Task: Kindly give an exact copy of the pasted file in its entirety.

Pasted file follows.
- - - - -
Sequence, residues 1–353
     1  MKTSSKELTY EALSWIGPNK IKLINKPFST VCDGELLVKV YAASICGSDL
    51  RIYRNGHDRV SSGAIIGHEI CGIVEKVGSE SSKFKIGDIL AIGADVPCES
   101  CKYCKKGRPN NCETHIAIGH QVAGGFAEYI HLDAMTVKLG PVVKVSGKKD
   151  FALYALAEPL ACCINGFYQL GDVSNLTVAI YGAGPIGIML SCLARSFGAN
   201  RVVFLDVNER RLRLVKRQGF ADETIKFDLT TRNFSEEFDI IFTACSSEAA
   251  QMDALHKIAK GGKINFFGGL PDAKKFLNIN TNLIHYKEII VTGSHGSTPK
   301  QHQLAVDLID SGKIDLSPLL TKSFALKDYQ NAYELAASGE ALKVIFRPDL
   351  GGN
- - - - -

Sequence, residues 1–353
     1  MKTSSKELTY EALSWIGPNK IKLINKPFST VCDGELLVKV YAASICGSDL
    51  RIYRNGHDRV SSGAIIGHEI CGIVEKVGSE SSKFKIGDIL AIGADVPCES
   101  CKYCKKGRPN NCETHIAIGH QVAGGFAEYI HLDAMTVKLG PVVKVSGKKD
   151  FALYALAEPL ACCINGFYQL GDVSNLTVAI YGAGPIGIML SCLARSFGAN
   201  RVVFLDVNER RLRLVKRQGF ADETIKFDLT TRNFSEEFDI IFTACSSEAA
   251  QMDALHKIAK GGKINFFGGL PDAKKFLNIN TNLIHYKEII VTGSHGSTPK
   301  QHQLAVDLID SGKIDLSPLL TKSFALKDYQ NAYELAASGE ALKVIFRPDL
   351  GGN